2009 Media Questions
Your favourite composers and why:
J.S. Bach for his unsurpassed mastery of counterpoint, the supreme beauty of his major choral works and his overall intellectual profundity. Also, the whole generation of musicians who flourished after him such as his sons C.P.E Bach and W.F. Bach, Muzio Clementi and Carlos Seixas for their virtuosic works, progression in the use of classical forms and creative ornamentation.
Your favourite key in music and why:
D flat major is a very soothing key signature. Some of the most profound and memorable nocturnes were written using this key signature such as those by Chopin, Faure and Scriabin. It is in great contrast to C minor, which often introduces elements of pathos, tragedy and anguish. However, C minor usually arouses a feeling of restlessness within me.
What music are you listening to right now:
Fritz Wunderlich singing Schubert’s An Die Musik and other such anti-depressants.
Your favourite non-classical music:
Folk music, especially that which has survived of the primitive and indigenous cultures of India, Turkey, China and Indonesia. I also retain strong bonds with Polish folk music such as the mazurka, oberek, krakowiak and polonaise.
Who do you admire and why:
I admire the great pianist Ignacy Jan Paderewski who was able to capture the hearts of millions of people around the world in music as well as politics while maintaining a strong character based on humility, compassion and respect.
What is the proudest moment of your life so far and why:
The day I first conducted a group of Monteverdi madrigals in public with no prior conducting experience.
Your favourite activities besides playing piano, and why:
I enjoy reading books about music philosophy and semiotics by authors such as Suzanne Langer, Theodore Adorno, Roland Barthes and Leonard Meyer. I also enjoying visiting the theatre for modern productions of classic plays, especially those of Chekhov, Miller, Marlow and Shakespeare.
The country or city you would most like to live in and why:
I appreciate London’s vibrant and cosmopolitan energy, the privilege of choosing between a variety of top performers each evening in virtually every field of the arts, the ability of networking with interesting people of multitudinous nationalities, and for the precious museums and architectural wonders.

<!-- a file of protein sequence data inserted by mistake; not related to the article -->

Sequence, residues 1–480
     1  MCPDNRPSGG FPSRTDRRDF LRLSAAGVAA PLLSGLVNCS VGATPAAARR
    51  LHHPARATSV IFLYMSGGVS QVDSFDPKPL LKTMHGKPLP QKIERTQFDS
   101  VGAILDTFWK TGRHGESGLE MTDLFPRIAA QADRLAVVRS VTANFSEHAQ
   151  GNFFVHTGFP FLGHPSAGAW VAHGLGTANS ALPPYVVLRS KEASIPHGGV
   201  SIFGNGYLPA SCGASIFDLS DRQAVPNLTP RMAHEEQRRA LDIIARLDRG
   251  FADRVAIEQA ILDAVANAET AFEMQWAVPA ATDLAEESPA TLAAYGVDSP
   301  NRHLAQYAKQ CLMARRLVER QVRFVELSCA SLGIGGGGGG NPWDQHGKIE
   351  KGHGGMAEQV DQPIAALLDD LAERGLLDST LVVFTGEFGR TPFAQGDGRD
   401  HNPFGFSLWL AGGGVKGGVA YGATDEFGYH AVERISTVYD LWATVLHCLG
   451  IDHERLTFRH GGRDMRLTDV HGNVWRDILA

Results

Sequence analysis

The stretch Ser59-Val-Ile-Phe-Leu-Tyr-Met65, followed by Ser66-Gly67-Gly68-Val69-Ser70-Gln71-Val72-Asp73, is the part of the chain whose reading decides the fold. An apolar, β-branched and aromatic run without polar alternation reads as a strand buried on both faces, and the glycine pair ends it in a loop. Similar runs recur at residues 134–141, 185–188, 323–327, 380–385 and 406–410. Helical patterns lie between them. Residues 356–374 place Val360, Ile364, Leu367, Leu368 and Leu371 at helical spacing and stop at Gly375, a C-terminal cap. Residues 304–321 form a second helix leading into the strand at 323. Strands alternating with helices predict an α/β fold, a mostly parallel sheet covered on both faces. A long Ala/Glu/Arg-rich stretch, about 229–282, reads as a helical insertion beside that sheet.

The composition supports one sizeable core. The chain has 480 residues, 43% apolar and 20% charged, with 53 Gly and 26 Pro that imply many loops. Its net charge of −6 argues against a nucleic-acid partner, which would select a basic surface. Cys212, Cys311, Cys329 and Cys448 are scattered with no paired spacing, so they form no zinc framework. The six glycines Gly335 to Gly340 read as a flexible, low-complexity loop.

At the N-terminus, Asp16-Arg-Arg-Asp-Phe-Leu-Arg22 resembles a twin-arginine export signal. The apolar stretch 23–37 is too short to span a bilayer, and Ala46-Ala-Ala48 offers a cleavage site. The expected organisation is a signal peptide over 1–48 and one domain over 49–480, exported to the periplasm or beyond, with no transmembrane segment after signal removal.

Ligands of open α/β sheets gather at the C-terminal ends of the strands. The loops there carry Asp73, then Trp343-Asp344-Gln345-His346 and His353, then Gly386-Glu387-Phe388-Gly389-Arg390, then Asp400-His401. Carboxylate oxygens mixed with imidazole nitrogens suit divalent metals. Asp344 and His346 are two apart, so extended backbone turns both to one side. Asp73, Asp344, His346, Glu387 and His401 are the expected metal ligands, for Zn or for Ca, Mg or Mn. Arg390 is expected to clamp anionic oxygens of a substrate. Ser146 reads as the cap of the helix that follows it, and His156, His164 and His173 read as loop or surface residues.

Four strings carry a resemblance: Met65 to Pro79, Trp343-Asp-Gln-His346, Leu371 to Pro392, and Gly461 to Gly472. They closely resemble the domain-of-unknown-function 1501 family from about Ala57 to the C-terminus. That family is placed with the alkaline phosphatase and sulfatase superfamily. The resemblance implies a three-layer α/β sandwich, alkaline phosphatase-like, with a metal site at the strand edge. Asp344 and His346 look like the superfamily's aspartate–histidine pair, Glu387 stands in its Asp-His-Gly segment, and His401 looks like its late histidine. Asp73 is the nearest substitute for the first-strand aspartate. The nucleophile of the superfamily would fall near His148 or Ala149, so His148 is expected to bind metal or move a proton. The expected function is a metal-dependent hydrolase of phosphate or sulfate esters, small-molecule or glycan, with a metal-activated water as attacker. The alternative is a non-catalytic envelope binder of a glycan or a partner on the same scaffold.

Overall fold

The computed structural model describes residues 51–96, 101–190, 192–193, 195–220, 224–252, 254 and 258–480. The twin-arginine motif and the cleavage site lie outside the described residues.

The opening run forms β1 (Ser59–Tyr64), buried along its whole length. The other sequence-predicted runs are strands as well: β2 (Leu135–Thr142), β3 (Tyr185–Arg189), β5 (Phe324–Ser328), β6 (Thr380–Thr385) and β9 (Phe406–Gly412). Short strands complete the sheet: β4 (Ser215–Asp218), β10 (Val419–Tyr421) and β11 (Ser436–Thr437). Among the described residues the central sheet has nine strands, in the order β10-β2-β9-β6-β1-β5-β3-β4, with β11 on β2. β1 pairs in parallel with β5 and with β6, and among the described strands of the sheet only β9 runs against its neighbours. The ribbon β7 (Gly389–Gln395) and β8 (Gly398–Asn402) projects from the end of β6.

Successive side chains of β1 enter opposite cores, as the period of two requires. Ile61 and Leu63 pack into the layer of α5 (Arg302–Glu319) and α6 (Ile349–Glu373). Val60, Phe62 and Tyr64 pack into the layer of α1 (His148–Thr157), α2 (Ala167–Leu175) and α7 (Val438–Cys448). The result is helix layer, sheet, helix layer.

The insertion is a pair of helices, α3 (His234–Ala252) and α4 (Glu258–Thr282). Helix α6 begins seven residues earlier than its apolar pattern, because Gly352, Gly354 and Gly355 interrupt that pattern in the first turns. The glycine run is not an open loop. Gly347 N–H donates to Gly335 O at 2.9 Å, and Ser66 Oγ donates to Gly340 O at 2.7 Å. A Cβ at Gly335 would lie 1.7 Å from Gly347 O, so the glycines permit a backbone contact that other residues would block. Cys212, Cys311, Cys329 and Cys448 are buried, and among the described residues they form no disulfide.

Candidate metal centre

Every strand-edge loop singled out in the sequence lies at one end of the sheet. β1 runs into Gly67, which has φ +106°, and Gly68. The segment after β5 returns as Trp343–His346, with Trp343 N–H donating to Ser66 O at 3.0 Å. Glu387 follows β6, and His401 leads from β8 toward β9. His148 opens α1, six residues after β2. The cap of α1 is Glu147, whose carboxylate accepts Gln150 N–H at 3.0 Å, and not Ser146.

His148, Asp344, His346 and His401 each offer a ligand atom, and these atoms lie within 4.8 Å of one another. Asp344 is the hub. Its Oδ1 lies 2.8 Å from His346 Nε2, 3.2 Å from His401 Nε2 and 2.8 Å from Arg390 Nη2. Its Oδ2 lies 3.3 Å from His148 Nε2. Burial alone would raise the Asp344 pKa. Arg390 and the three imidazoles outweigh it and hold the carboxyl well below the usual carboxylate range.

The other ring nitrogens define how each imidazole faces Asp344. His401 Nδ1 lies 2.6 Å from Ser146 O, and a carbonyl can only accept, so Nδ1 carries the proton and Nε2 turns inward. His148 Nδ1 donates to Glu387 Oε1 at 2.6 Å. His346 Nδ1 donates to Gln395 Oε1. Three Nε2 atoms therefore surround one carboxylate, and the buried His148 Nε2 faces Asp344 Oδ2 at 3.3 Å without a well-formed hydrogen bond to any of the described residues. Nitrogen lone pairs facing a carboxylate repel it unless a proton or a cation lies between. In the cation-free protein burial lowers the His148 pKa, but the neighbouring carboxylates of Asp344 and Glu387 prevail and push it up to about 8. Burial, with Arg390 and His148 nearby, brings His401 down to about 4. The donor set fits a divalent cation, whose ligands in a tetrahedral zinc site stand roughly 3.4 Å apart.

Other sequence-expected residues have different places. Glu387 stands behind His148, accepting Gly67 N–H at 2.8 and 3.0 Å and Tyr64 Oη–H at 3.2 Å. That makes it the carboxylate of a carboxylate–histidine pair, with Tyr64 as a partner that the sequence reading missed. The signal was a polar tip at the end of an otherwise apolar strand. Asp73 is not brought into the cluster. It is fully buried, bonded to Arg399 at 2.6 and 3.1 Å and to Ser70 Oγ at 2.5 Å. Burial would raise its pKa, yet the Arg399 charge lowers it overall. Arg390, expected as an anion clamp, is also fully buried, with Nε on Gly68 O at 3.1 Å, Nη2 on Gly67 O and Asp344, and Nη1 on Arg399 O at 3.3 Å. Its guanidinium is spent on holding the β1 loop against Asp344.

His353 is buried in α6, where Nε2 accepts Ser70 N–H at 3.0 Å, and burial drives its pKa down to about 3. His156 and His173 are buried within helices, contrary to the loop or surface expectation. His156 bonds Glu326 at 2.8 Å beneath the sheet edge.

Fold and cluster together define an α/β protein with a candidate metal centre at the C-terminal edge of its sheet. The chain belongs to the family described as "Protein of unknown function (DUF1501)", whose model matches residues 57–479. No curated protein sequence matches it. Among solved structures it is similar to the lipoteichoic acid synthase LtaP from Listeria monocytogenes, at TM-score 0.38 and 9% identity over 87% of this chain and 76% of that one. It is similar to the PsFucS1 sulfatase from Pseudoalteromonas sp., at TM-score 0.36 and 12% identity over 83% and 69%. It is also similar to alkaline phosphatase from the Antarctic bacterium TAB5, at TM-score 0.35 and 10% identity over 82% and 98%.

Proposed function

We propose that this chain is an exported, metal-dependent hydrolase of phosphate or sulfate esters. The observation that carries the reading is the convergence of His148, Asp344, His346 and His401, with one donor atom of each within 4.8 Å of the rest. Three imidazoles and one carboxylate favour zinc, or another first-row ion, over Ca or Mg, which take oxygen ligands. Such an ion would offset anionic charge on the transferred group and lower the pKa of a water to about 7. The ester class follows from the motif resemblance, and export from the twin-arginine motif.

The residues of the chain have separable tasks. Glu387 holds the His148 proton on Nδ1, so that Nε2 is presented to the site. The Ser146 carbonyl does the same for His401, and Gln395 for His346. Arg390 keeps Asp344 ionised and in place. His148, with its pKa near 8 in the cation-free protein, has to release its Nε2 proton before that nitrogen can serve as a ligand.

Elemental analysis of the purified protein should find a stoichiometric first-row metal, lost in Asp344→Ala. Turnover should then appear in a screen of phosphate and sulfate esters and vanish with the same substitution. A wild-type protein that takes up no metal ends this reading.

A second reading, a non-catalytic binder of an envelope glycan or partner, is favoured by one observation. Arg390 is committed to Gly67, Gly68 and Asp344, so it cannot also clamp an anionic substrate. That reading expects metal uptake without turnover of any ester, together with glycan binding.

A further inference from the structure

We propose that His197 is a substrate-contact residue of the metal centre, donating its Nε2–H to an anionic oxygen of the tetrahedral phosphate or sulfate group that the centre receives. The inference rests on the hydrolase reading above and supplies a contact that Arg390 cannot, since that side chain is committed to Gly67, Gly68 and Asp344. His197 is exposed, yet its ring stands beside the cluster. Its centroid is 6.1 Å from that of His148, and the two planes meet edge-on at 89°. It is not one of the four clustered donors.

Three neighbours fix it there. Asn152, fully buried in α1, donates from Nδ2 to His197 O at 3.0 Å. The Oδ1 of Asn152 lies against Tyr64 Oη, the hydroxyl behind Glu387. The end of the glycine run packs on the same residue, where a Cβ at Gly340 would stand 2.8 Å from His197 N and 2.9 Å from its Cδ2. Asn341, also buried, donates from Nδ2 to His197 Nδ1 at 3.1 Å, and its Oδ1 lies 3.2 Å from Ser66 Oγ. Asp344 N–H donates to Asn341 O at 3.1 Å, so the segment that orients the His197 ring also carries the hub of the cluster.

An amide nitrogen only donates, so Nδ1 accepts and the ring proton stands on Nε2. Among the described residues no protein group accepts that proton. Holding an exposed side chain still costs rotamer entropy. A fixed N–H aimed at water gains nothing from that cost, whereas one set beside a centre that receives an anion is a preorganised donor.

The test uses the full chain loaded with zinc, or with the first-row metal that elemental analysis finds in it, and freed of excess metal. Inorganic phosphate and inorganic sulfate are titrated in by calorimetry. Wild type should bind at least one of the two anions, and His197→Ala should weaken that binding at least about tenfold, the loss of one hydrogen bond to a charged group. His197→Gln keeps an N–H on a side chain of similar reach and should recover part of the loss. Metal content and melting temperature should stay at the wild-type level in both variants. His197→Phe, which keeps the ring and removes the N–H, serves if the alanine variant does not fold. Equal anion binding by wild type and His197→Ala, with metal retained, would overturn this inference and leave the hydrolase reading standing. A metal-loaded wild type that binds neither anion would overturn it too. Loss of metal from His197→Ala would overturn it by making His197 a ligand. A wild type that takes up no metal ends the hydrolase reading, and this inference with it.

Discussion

The fact that it doesn’t build upwards like New York has its advantages and disadvantages. Travel distances are sometimes lengthy as a result, but likewise many boroughs maintain an intimate “small-town” feeling and are consequently quiet on weekends to catch up on valuable sleep that was erratic or simply not present during the week.
One word to describe your character:
The natural gift you would most like to possess:
The ability to improvise a fugue on the spur of a moment.
What are your passions in life, and why:
As much as I enjoy long outdoor walks and hikes, formal and informal dancing, going to the theatre, movies, and concerts with friends, the one thing I could never live without is people. I have a passion for stimulating conversations, learning about other cultures, taking part in interviews/debates, reading interviews of important people, and that hypnotic state of heightened awareness one experiences while performing on stage to a public who truly appreciates it.
A cause you would fight for, and why you believe in it:
I would fight for bringing better music education into the schools. Although the Mozart effect has now become a hot debatable topic, the sheer benefits of learning music for one’s own growth and development are extraordinary enough. Performing music requires the use of virtually all of one’s intelligences, cultivates a strong sense of discipline and instills pride and confidence upon the slightest achievement.
Your most memorable concert experience:
Most recently, it was Kurt Masur conducting the LPO in Dvořák’s New World Symphony.
Your favourite food:
I enjoy starting the day with an Italian cappucino and then progressing on to a German breakfast with their hearty rye breads, and a Hungarian lunch made of paprika goulash or some savory crepes. For dinner I would eat Polish borscht soup and a tasty fish such as the Wild Alaskan Pollack with tiramisu for dessert.
Your favourite colour:
Your favourite number:
Your favourite movie:
Rhythm is it! starring Simon Rattle.
Your favourite book:
“Schnabel’s Interpretation of Piano Music” by Konrad Wolff.
Do you have any pre-performance rituals?
The process of warming up before a concert has beguiled me for as long as I can remember. After some failed attempts at superstitious activities such as counting all the lights in a hall before stepping out on stage(!), I’ve experimented with two extreme methods – one having to do with intense relaxation and the other with a heightened sense of nervousness. I’ve discovered that my best concerts take place after employing the latter method which can involve anything from picking fights with random people to spontaneous fits of rage or any other activity that creates a situation of tension and anxiety.
In other words, instead of trying to fight off that feeling of nervous anxiety, I accept it and even try to harness it to the fullest extent possible.
If you could host a dinner party with 3 other people, whom would you invite and why:
Gabriele Salvatores, Ennio Morricone and Giancarlo Giannini to discuss the future of Italian cinema and to propose the possibility of making a movie based on the murder of the late Renaissance composer Carlo Gesualdo.
If you weren’t a pianist, what would you like to be and why:
A singer, in order to experience an ‘instrument’ of greater sensual immediacy, the ability of doing a crescendo on a single note and for the joy of sliding in between the notes.
One word to describe piano competitions:
Ratatouille (as in the French stew)